The NATO-centrism in Russian foreign policy can perhaps best be seen through the lens of Afghanistan. Russia has no clear strategy toward this country once NATO troops withdraw. Its only policy appears to be the prevention of any growing role of the United States in adjacent countries. This outlook applies to Central Asia, which Russia considers to be part of its sphere of influence. However, the ambitions and role of China factor into this region, though Russia prefers to sidestep this topic.
These themes were focused on recently at the Barcelona Centre for International Studies (CIDOB) think tank in Barcelona, which published a report and held a high level international conference on the “Future Scenarios for Afghanistan and Pakistan” There was a large focus on Russia's perspectives on Afghanistan.
A striking takeaway from the deliberations is that the organizations that Moscow holds very high in its policy agenda – the Shanghai Cooperation Organization (SCO) and the Collective Security Treaty Organization (CSTO) – were only mentioned symbolically among Russia's policy toolkits.
Moreover, it was also striking that BRICS (Brazil, Russia, India, China, and South Africa) stood completely out of operational context – particularly surprising since three of its founding members – Russia, India, and China – have vested interests in the long-term security in Afghanistan.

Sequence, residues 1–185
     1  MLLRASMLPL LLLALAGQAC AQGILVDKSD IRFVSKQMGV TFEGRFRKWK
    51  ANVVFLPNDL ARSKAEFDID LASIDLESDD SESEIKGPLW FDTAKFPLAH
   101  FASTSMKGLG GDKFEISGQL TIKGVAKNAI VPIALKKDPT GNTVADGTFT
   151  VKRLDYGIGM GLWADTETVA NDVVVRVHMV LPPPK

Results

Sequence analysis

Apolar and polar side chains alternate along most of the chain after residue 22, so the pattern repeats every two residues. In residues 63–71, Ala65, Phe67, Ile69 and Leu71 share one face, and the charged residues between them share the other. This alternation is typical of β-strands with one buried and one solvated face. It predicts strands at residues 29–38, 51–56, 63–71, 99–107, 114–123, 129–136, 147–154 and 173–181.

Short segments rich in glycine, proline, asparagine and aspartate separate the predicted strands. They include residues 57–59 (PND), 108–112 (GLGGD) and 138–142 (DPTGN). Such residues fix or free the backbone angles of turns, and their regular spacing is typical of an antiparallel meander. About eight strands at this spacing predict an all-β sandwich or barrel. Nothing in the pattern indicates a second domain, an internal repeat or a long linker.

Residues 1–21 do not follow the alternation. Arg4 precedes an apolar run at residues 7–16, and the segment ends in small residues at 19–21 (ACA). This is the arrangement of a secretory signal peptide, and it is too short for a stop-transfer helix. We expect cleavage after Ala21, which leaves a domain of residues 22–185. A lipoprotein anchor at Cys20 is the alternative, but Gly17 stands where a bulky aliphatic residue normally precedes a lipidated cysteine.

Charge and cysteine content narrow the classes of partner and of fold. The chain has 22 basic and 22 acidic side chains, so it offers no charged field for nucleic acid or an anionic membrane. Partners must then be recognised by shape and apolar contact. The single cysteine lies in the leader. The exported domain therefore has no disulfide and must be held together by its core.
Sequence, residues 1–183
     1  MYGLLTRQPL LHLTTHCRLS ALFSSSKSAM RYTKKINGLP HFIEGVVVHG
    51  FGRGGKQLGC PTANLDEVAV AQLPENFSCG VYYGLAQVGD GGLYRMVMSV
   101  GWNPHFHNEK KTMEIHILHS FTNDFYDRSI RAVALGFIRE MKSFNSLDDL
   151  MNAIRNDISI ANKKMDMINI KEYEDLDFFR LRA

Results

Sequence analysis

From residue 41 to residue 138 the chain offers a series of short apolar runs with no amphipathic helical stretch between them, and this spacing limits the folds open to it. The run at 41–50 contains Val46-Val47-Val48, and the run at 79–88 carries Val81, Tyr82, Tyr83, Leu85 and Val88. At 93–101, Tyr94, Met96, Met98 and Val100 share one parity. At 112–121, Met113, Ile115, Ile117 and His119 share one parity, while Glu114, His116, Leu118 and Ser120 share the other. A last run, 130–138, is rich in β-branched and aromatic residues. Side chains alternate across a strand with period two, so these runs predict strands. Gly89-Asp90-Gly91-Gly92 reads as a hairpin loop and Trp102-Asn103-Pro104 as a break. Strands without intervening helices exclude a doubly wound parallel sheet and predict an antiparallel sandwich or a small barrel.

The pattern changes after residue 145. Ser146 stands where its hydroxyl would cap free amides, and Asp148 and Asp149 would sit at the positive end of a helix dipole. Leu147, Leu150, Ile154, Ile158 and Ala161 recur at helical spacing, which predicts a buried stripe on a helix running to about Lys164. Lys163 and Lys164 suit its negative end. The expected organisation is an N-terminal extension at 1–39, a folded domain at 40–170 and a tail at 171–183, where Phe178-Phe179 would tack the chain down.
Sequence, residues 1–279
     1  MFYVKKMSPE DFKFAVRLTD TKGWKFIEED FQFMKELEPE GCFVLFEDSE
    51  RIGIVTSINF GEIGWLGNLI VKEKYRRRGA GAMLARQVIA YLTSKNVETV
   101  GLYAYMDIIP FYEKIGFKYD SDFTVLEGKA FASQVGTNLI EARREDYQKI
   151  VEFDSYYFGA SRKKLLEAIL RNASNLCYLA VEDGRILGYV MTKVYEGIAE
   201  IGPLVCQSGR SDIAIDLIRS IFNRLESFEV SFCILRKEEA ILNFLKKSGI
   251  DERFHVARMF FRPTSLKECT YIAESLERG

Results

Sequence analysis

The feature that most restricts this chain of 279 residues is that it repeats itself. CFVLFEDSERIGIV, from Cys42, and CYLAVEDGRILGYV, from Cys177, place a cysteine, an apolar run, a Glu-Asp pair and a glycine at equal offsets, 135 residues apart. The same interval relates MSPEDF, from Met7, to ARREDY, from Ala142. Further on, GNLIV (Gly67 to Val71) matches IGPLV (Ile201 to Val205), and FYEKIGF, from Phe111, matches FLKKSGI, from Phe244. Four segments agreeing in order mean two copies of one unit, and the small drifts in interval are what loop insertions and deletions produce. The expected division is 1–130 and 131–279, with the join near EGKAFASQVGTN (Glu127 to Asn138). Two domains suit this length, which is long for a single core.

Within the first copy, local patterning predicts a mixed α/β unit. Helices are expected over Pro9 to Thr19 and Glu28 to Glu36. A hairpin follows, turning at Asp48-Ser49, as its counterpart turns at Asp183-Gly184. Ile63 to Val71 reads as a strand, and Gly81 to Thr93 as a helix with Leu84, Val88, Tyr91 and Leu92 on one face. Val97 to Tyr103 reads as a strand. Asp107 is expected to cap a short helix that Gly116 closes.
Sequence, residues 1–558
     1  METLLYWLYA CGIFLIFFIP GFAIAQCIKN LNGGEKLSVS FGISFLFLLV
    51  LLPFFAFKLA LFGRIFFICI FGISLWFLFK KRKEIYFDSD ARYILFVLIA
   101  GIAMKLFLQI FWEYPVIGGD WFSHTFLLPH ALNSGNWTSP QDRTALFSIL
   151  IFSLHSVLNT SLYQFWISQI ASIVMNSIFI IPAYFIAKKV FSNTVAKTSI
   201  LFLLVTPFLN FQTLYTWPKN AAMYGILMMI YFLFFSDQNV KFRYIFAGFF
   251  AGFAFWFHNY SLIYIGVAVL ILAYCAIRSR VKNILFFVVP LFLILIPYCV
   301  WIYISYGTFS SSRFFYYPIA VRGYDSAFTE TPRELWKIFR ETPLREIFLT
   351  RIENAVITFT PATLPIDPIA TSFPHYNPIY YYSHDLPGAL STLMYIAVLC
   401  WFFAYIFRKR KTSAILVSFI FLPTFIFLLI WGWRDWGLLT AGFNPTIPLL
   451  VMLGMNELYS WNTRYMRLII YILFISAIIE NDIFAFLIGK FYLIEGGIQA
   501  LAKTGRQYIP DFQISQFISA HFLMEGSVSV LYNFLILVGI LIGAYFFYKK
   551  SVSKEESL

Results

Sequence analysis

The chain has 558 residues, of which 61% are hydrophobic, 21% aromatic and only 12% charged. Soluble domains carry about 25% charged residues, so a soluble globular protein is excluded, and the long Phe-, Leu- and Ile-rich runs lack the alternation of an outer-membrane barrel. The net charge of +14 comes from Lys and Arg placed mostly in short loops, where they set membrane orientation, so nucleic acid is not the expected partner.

The CIDOB report was based on a series of interviews conducted by Roberto Toscano and Carmen Claudin with Russian foreign policy experts in the summer of 2013.
It specifically mentions that "scant reference was made to China in the course of discussions." They noted that Russia tries to dispel any possible hints of a Russian-Chinese rivalry in Central Asia and Afghanistan. This must be a Russian version of political correctness. For many experts, competition between Moscow and Beijing over spheres of influence is taking place everywhere in the post-Soviet space.
As PONARS Eurasia member Ekaterina Stepanova wrote in a recent CIDOB working paper, Russia prefers developing bilateral ties with its client states Kyrgyzstan and Tajikistan rather than engage in multilateral diplomacy. Of course, there are some informal groupings such as the "Dushanbe Quartet" – Afghanistan, Pakistan, Russia and Tajikistan – but their practical role remains obscure.
Apart from missing institutional strategies, there is one more omission in Russia's Afghanistan policy, and this is development assistance – a concept that Russia has officially adopted yet uses only sporadically. Russia is neither willing to engage in Afghanistan militarily, as the Americans did, nor able to come up with an agenda for democratic consolidation, as the EU apparently prefers to do.
Against this backdrop, therefore, development assistance can be the most viable tool for Russia's soft power in this volatile region. Russia's 2014 chairmanship of the G8 gives Moscow a chance to demonstrate its leadership in Afghanistan and in the region, yet this chance can be missed should Russia prefer to focus on mote and highly confrontational issues like Ukraine.